Degree Type

Honors Capstone Project

Date of Submission

Spring 5-1-2012

Capstone Advisor

Kristi Andersen, Professor

Honors Reader

Jonathan Hanson, Professor

Capstone Major

Political Science

Capstone College

Citizenship and Public Affairs

Audio/Visual Component


Capstone Prize Winner


Won Capstone Funding


Honors Categories

Social Sciences

Subject Categories

Comparative Politics | Models and Methods | Other Political Science | Political Science | Political Theory


Social media has been predicted as a tool to change the democratic process and turn around the substantial decline in political participation that has occurred among American citizens in the most recent years. Yet, since it is still relatively young and unharnessed, many argue that any effect that social media can have on civic engagement cannot be determined yet. This thesis explores and discusses how the emergence of social media as a campaign tool could effect traditional forms of civic engagement as well as produce new forms.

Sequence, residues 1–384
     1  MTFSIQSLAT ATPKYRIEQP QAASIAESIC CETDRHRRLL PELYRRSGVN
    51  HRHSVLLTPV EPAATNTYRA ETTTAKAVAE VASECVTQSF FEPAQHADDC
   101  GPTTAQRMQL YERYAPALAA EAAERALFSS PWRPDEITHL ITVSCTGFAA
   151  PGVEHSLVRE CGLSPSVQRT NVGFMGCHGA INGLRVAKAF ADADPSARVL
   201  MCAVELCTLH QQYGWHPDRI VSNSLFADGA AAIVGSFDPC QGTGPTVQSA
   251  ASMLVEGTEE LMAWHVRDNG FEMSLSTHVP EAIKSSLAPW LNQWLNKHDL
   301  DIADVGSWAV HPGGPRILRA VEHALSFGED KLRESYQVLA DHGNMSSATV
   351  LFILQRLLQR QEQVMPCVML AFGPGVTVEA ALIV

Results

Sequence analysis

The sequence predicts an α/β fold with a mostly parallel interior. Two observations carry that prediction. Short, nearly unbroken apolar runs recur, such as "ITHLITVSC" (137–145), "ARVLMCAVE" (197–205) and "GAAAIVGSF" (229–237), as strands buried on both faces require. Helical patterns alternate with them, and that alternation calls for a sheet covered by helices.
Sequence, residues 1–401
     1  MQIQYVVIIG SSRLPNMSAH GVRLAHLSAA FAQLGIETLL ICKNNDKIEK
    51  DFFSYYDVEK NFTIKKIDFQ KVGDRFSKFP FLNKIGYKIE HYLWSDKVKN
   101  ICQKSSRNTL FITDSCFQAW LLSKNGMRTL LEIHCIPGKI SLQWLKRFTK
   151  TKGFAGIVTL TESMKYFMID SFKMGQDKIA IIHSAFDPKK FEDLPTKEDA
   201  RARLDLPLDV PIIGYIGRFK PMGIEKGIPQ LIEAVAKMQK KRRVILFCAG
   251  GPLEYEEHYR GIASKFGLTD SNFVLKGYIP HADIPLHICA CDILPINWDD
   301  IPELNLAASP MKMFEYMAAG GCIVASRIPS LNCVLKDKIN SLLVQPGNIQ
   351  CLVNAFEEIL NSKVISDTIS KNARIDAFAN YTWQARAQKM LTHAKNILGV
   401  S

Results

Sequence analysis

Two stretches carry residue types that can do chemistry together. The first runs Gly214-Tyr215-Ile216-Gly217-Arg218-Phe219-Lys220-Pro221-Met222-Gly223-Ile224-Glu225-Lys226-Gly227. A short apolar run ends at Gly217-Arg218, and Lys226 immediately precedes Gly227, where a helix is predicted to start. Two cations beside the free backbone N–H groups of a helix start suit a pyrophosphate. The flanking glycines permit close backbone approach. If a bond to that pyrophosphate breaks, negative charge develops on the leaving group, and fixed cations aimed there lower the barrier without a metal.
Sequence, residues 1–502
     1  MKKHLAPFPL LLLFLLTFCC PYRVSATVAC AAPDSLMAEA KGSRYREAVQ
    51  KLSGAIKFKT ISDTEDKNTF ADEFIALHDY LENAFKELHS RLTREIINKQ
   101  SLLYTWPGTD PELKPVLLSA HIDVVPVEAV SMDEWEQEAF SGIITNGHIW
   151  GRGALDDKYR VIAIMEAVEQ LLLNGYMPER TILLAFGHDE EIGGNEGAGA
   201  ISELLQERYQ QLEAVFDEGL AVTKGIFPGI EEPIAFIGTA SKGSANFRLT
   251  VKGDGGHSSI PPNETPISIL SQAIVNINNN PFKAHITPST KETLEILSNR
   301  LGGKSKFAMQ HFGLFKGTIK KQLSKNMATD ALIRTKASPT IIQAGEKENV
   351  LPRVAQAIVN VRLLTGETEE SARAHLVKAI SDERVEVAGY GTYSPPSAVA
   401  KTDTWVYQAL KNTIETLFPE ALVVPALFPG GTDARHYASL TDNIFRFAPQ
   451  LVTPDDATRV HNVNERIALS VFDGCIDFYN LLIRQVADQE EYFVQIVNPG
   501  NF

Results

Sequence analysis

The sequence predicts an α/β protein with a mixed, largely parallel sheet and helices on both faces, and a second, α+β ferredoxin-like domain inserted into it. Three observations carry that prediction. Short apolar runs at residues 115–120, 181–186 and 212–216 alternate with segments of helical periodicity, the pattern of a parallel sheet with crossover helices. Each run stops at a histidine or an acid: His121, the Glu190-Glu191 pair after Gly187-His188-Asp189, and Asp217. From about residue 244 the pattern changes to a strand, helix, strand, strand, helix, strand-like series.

In the 2008 election, social media was capitalized by the presidential campaign of Barack Obama. Through the analysis of the strategies employed by the Obama campaign as well as the insight into the emergence of YouTube, Facebook, and Twitter in politics, the understanding of the potential effect emerges. From the initial understanding, I was able to analyze two different 2010 midterm elections that occurred in Central New York. Those two case studies allowed me to analyze the strategies employed by the campaigns, the online interaction with citizens, and to discuss the potential offline activities. Finally, my research led me to conduct interviews with current undergraduates. The interviews provided an insight into the current generation’s understanding of civic engagement as well as how they used social media for their own political use. My research provides further discussion into the relatively new topic and how the 2012 general election and beyond could be changed as a result.

Creative Commons License

Creative Commons Attribution-Noncommercial-No Derivative Works 3.0 License
This work is licensed under a Creative Commons Attribution-Noncommercial-No Derivative Works 3.0 License.



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